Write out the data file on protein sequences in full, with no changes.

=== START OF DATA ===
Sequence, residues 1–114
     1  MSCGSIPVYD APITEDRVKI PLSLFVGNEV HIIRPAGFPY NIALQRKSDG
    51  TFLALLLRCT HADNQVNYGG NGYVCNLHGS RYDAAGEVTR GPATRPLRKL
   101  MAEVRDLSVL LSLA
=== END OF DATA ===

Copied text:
Sequence, residues 1–114
     1  MSCGSIPVYD APITEDRVKI PLSLFVGNEV HIIRPAGFPY NIALQRKSDG
    51  TFLALLLRCT HADNQVNYGG NGYVCNLHGS RYDAAGEVTR GPATRPLRKL
   101  MAEVRDLSVL LSLA